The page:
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Radiofrequency Ablation of Liver Tumours
What is Radiofrequency Ablation of Liver Tumours?
Many methods of minimally invasive therapy have been tried in recent years to eliminate tumours in organs like the liver. One of the most promising is called radiofrequency ablation, sometimes referred to as RFA. A special needle electrode is placed in the tumour under the guidance of an imaging method such as ultrasound, computed tomography (CT) scanning, or magnetic resonance (MR) imaging. A radiofrequency current then is passed through the electrode to heat the tumour tissue near the needle tip and ablate—or eliminate—it. The heat from radiofrequency energy also closes up small blood vessels, thereby minimizing the risk of bleeding. In general, radiofrequency ablation causes only minimal discomfort and may be done as an outpatient procedure without general anaesthesia. Admission to the hospital is not usually necessary. What are some common uses of the procedure?
Two types of liver tumour have been the main targets of radiofrequency ablation: hepatocellular carcinoma, which is a primary liver cancer, and colon cancer that spreads to the liver. Many patients with a malignant liver tumour are not good candidates for surgery, sometimes because their tumour is too widespread or inaccessible, or because of other medical conditions that make surgery especially risky. In other cases, so much liver tissue would have to be removed with the tumour that not enough would be left to provide adequate liver function. For many of these patients, radiofrequency ablation is a viable and effective treatment option. Some liver tumours that have failed to respond to chemotherapy, or which have recurred after initial surgery, may be treated by radiofrequency ablation. If there are multiple tumour nodules they may be treated in one or more sessions. In some cases radiofrequency ablation has made it possible to operate on a patient after eliminating several small liver tumours that were too spread out to remove surgically. In general, radiofrequency ablation is most effective if the tumour or tumours are less than two inches in diameter. Although radiofrequency ablation can be used to treat larger tumours, the results are not as good. Typically radiofrequency ablation is not used to treat liver tumours if there is active cancer outside of the liver. How should I prepare for the procedure?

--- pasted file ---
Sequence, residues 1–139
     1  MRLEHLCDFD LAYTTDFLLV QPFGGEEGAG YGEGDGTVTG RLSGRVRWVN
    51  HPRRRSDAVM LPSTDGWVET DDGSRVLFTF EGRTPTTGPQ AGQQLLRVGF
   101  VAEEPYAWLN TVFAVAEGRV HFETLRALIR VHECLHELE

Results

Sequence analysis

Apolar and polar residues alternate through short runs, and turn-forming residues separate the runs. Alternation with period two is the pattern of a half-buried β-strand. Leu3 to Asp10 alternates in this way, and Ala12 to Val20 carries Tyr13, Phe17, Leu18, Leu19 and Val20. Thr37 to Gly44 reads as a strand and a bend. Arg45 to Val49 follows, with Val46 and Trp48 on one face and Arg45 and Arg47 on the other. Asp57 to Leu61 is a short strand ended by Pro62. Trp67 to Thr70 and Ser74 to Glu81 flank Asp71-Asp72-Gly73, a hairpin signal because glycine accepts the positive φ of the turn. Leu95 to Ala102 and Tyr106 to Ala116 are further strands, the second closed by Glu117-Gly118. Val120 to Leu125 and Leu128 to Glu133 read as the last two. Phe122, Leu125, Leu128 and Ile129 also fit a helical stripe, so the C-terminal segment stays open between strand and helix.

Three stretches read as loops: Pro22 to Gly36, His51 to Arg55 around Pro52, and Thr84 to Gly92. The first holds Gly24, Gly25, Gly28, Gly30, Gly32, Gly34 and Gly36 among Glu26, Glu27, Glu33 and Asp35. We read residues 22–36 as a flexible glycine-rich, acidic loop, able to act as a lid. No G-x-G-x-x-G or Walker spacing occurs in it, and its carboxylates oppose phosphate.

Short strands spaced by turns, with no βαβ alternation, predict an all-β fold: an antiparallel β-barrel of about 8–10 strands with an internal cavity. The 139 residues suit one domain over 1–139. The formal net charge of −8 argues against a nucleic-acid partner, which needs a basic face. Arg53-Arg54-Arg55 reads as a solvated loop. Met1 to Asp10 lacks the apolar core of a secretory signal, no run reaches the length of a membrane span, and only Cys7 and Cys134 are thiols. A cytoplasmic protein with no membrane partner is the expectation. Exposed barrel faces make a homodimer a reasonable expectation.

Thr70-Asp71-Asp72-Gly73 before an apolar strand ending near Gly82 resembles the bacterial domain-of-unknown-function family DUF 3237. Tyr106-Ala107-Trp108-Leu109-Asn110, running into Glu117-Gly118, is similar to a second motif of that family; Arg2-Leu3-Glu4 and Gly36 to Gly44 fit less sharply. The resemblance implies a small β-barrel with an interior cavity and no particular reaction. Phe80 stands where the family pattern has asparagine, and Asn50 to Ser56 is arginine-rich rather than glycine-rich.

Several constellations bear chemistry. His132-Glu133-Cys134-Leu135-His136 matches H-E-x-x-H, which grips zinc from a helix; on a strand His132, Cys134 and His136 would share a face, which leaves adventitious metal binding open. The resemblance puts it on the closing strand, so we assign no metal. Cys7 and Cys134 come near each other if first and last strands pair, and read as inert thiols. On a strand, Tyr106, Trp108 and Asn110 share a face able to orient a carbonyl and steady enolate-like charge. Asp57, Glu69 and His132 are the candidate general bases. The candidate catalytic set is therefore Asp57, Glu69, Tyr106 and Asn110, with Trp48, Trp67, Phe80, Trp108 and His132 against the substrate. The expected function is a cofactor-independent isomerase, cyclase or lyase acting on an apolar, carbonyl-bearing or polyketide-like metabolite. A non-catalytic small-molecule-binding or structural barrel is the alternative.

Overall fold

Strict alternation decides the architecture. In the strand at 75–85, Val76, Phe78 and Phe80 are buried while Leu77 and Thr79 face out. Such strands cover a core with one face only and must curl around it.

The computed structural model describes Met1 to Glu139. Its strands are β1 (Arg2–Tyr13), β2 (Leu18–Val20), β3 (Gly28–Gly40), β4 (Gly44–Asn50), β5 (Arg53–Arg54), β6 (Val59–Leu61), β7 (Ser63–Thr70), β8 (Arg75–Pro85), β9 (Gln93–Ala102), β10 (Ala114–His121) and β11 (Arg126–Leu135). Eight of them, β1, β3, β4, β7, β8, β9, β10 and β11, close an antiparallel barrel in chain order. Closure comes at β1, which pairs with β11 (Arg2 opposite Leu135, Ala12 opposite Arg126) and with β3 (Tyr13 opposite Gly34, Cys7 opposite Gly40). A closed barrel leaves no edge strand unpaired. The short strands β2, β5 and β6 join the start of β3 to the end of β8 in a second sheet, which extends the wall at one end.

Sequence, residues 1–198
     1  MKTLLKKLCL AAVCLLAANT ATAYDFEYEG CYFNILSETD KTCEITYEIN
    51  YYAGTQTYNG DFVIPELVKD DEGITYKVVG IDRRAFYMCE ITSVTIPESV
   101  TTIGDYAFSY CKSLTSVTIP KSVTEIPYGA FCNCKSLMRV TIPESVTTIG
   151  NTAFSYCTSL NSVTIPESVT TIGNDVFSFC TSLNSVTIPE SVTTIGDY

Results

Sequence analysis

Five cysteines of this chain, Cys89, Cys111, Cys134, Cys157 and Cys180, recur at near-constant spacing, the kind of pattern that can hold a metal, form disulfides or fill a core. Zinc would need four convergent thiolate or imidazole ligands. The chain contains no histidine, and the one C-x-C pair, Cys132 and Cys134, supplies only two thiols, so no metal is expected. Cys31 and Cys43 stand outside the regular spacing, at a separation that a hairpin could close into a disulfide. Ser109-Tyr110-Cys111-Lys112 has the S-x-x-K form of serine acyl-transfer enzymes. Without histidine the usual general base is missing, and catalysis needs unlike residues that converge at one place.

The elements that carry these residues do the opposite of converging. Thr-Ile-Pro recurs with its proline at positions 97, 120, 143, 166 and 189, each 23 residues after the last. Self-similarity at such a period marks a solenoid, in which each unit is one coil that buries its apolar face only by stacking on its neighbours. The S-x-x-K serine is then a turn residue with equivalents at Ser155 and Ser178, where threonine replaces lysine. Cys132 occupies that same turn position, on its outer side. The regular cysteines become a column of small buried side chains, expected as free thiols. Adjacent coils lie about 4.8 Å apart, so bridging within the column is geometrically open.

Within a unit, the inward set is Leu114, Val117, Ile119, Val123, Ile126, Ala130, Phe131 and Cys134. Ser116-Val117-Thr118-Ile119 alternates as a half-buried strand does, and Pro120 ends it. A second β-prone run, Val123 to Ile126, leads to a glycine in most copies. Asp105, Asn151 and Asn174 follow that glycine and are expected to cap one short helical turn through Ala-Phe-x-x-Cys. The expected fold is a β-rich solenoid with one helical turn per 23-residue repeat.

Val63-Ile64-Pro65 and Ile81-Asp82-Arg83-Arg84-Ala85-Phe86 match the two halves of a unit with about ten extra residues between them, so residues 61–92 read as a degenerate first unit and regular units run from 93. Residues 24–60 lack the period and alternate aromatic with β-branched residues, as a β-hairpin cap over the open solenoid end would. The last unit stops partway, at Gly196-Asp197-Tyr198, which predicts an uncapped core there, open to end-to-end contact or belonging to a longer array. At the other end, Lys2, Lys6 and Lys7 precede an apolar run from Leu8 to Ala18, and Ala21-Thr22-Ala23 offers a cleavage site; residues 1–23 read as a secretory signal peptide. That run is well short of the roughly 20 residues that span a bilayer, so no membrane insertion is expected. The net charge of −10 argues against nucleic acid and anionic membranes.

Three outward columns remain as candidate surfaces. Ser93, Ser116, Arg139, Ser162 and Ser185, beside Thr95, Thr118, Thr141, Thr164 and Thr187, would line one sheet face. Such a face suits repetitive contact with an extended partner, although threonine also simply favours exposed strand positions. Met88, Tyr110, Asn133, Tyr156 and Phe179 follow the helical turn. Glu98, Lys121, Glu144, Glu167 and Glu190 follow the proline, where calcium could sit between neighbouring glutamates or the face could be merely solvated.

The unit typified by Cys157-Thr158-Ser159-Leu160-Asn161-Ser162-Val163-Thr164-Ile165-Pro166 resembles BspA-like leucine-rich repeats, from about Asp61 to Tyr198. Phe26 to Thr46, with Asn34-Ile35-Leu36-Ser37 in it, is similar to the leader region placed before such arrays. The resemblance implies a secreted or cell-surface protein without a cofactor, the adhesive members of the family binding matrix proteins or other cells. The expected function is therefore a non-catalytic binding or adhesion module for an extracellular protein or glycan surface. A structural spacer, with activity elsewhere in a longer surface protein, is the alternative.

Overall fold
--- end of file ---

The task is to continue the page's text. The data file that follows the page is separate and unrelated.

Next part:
You will be asked to avoid food and liquids starting at midnight the evening before treatment. Your doctor will tell you which medications you may take in the morning. If you take aspirin, you may be instructed to stop 10 days beforehand. Consult your doctor if you are taking Coumadin or another blood thinner. If your doctor does not plan to admit you to the hospital overnight, you should arrive at the clinic with someone who will drive you home afterwards. What does the equipment look like?